Bear in mind that we’ve been organizing segments in such a way that the Segments a user creates were automatically hoisted to the top of the list in the Your Segments section whereas segments that a team member created were positioned “below the fold” in the Team Segments section. This means that for 78% of our users, we don't provide any way to quickly access the Segments they reference most frequently.
We also discovered that many of our users had never created their own segment, essentially leaving the Your Segments view blank at the top of the list. This left us wondering, how can we better use the space now that we know this?
Assumption 2: Users Are Referencing Many Different Segments at the Same Time
Because our internal instance of FullStory has so many segments and we create segments on the fly, FullStorians tend to juggle 12+ segments at a given time on average. As a result, we assumed that our users would be clicking on this many segments in a given month as well.
Here again, our assumption is wrong!
Data shows that 77% of our Segment users interact with four unique segments in a given month. Expand the scope to seven segments, and we are at 90% of users. Given this insight—that the majority of our users are interacting with fewer than 10 segments on a monthly basis—it became clear this space (and workflow) was ripe for optimization.
Assumption 3: Canned Segments Created by FullStory Provide Ongoing Value to Users
Out of the box we offer “canned” Segments for common user cohorts, such as New this week (new users), Rage clicked recently (Rage Clicks), and Mobile (mobile users).
Here is a look at how our users engage with canned Segments:
The “Everyone” segment is very popular but the other four seem to be taking up valuable real estate at the top of the Segments list, for no good reason. This spurred discussion around whether we should just delete these segments all together.
But before jumping too quickly to conclusions, we checked in with our Customer Success team and learned that these canned Segments are extremely valuable in teaching first-time users the capabilities of search and segmentation. These segments do provide value, at least initially, but we need to allow users to delete or deprioritize them once they’ve served their purpose.
From Discovery to Customer Interviews
After vetting our long list of (mostly incorrect) assumptions against the data, we moved on to our next stage in product discovery—customer interviews.
By conducting data analysis before we interview customers, we are able to ask more nuanced questions (not to mention make the most of our precious time talking with customers).
Now we can focus on why a limited number of users create Segments and what problems they are trying to solve, instead of having to spend a lot of time creating a baseline of understanding. Not only does this foster a richer discussion for both sides, but it also allows us to make the most of the time our customers give us.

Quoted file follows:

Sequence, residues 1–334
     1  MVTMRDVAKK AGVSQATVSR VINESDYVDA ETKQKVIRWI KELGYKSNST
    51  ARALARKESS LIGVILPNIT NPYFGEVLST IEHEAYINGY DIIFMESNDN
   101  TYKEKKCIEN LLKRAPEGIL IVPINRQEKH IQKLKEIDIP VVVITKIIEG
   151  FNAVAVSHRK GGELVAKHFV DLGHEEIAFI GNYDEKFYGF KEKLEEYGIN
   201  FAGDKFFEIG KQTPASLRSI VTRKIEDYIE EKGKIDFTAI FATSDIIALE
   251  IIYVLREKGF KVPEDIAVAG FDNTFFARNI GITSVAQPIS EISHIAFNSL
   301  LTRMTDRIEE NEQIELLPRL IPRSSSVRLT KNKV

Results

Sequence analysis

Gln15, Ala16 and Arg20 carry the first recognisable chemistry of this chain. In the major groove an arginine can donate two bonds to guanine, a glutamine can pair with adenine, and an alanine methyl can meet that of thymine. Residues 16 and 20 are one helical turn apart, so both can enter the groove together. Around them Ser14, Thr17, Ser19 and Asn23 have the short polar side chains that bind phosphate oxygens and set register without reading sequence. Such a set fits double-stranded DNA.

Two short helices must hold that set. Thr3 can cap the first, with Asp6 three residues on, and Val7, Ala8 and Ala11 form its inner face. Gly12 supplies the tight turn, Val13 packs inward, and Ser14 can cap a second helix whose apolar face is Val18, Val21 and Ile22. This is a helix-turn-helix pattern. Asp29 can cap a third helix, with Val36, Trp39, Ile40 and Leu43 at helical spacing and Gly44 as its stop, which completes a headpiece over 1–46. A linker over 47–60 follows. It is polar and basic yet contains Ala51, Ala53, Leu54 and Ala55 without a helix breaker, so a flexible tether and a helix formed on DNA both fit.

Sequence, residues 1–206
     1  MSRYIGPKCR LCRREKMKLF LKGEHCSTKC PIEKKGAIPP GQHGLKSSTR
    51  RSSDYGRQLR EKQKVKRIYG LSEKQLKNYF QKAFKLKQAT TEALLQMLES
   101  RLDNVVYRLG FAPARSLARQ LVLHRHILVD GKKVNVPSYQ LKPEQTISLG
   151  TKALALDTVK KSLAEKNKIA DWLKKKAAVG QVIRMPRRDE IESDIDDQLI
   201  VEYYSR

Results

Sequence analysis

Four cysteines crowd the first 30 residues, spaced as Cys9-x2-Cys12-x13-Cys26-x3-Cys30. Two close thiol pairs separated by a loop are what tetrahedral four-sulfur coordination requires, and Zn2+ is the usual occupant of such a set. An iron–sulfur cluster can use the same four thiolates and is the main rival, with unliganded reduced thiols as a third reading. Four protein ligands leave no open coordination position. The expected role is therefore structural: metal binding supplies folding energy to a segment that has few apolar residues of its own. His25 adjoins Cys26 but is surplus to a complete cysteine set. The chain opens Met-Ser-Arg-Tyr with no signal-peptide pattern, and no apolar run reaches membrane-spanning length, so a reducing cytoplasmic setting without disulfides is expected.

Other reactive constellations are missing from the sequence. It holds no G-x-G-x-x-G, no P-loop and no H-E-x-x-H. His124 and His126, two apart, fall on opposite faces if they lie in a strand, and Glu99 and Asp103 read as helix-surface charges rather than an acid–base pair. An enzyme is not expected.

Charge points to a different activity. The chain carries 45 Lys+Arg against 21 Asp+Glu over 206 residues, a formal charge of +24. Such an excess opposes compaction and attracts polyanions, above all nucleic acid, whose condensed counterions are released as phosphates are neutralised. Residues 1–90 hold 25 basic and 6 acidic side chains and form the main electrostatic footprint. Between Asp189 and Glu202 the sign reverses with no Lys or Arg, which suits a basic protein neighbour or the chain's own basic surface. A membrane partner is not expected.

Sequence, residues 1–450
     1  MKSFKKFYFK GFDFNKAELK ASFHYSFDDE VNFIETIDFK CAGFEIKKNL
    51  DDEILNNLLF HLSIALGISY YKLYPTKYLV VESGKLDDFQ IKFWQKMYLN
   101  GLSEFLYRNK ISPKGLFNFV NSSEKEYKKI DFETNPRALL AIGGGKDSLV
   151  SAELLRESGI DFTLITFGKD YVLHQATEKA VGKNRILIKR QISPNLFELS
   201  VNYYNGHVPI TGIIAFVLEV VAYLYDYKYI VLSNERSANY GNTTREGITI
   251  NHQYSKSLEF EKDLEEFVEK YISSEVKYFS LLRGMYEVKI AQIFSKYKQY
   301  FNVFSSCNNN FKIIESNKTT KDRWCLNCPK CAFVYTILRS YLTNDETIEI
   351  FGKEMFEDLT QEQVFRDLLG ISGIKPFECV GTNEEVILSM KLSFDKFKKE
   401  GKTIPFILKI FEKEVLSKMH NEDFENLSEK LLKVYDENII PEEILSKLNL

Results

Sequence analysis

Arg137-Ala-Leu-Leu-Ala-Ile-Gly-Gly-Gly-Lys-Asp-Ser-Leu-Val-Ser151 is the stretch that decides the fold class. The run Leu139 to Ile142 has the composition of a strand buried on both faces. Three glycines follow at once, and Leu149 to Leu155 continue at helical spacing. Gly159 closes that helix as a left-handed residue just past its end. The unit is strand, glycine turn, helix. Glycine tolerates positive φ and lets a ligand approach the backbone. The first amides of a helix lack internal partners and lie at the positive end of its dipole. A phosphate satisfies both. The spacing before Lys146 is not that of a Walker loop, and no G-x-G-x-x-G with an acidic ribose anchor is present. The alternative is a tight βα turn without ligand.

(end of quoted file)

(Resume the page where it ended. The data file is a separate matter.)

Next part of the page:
In our conversations with customers, unsurprisingly, we heard many requests for Segment Folders. After all, that was the feature we were researching in the first place. But, when people started to explain their pain points with Segments, here’s what we heard:
- The list of Segments is overwhelming
- I can’t find the segments I care most about quickly
- It’s impossible for teams to work together with segments
We also heard more about what common workflows look like for FullStory users. For instance, teams might be working on time-bound projects and use the same three Segments over the course of several weeks. Or, when collaborating on an initiative in a meeting one team member will save a segment in their account.
Thinking about Folders in light of this data led to more questions and potential problems:
- What if two different teams needed to access the same Segment? Would they both be able to save it in their folder or would they need two Segments for the same search?
- Who would own the organization's Folders? What if a user wanted to organize their Segments differently than their organization’s norm?
- If a list of Segments is too overwhelming, what is stopping a list of folders from getting too numerous/overwhelming?
Given our research, we decided that a different solution would better soothe the customer pain points we had uncovered and better enable their ideal workflows.
And that decision led us to Starred and Recent Segments.
What’s Next for Starred and Recent Segments?
This new feature may seem like a small tweak, but we believe it’ll make it easier for you to access the FullStory Segments you need, when you need them.
For my part, this update has reinvigorated my use of Segments.
Here’s my ask to you: If we are wrong about not adding Segments Folders, please continue to let us know. This effort was lightly scoped from the outset so that we could launch an update and get feedback as quickly as possible. But that certainly doesn’t mean Folders are off the table. We think they could be a future enhancement and would fit in nicely with the Starred/Recent paradigm we are creating.
So keep sending tickets, keep sending your thoughts—let us know how the new system works for you and how we can continue to improve!